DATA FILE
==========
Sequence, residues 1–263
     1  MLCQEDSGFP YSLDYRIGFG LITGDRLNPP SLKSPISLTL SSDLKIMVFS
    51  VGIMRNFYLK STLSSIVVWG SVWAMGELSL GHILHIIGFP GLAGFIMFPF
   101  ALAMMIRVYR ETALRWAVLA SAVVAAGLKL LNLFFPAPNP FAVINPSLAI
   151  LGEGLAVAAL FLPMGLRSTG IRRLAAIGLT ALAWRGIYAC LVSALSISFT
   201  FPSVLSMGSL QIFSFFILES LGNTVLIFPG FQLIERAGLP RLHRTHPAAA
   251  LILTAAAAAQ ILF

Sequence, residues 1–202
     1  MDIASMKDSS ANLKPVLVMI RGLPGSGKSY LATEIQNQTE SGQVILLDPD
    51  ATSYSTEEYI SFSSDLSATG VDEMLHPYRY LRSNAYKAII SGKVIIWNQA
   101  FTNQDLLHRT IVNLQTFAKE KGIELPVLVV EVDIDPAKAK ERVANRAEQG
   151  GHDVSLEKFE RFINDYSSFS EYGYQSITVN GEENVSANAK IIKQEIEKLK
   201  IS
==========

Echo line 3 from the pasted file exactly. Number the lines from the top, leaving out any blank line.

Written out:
    51  VGIMRNFYLK STLSSIVVWG SVWAMGELSL GHILHIIGFP GLAGFIMFPF